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Morning Reading

Happy Friday. I was out sick yesterday but feeling a bit better. What I've seen so far -- a good William Cohen editorial in the Times, the AP dissects Obama's promises on transparency, plus a little college b-ball:

The rot at the heart of Wall Street (New York Times)

To that end, shareholders must demand that corporate boards of directors revamp the entire compensation structure on Wall Street away from one based on revenue generation to one that rewards long-term profits. For goodness sake, what other business on the face of the earth, aside from Wall Street, pays out between 50 percent and 60 percent of each dollar of revenue generated to employees in the form of compensation!

Promises, promises. Obama's "transparency" is pretty opaque (AP)

The administration has stalled even over records about its own efforts to be more transparent. The AP is still waiting--after nearly three months--for records it requested about the White House's "Open Government Directive," rules it issued in December directing every agency to take immediate, specific steps to open their operations up to the public.

Runaway cars: Driver error or car malfunction? (NPR)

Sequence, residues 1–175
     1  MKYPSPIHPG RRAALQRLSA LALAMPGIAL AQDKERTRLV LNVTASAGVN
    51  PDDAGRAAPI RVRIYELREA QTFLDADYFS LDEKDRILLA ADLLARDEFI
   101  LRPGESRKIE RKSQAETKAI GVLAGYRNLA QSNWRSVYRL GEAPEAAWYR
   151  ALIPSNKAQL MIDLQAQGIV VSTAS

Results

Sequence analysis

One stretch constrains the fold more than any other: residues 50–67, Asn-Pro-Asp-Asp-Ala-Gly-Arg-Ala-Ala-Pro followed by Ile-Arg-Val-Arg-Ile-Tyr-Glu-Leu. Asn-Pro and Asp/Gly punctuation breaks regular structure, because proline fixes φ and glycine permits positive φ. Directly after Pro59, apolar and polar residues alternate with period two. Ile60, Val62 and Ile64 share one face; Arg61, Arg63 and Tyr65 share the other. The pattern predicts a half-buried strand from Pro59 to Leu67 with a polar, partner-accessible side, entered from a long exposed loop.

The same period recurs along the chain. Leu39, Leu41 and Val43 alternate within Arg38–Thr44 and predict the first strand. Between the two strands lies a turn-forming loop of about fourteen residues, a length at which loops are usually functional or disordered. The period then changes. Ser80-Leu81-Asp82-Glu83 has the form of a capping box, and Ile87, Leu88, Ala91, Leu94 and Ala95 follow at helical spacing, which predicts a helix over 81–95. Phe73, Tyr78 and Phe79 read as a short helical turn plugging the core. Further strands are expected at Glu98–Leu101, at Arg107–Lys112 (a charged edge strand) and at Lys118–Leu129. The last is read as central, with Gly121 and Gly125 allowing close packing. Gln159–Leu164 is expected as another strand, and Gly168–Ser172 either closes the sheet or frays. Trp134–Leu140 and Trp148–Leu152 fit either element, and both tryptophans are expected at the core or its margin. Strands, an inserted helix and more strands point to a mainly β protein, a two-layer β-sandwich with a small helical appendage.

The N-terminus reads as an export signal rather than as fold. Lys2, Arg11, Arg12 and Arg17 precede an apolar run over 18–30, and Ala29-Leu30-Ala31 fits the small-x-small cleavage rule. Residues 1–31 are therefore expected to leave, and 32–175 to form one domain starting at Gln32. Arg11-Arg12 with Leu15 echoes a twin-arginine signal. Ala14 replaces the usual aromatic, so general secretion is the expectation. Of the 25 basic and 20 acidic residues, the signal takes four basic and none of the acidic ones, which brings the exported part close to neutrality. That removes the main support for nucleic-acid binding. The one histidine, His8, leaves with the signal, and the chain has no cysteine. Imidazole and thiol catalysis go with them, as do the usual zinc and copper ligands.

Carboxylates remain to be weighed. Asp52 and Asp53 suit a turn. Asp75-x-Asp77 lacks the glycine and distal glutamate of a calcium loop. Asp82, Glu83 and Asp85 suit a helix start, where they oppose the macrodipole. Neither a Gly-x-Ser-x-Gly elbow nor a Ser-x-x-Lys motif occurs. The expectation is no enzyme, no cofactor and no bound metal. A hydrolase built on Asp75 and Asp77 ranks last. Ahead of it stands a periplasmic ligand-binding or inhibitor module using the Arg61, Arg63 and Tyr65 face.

No one has done research specifically on sustained error with car pedals. But psychologists have spent a lot of time thinking about the errors humans make. Psychologist Chris Wickens has written a book on this subject, and he says that psychologists looking at people under intense stress have identified something called the "perseveration response."

"You just keep repeating the same error over and over and over again," he says.

College basketball isn't a great business model (Christian Science Monitor)

So, with all that cash rolling in, basketball must be a moneymaker for colleges and universities, right?

Nope. Most college basketball teams lose money.

How about championship-caliber teams?

Not really. "If you look at basketball teams as a stand-alone company, virtually none of the teams come out ahead," says Andrew Zimbalist, a sports economist at Smith College in Northampton, Mass.

What are the odds of picking a perfect NCAA basketball bracket? (PBS NewsHour)

When the WSJ looked into it, their odds range from one in 150 million to one in 9 million trillion if each game were a true toss-up. "Put another way, you are about 60 billion times more likely to win the multistate Powerball lottery."

Another favorite via Book of Odds:

...if you follow the optimal strategy of always picking the higher seed to win, your odds of filing a perfect March Madness bracket are just 1 in 35,360,000,000--almost 18 times worse than your odds of being killed by a waterspout in a year (1 in 1,988,000,000).

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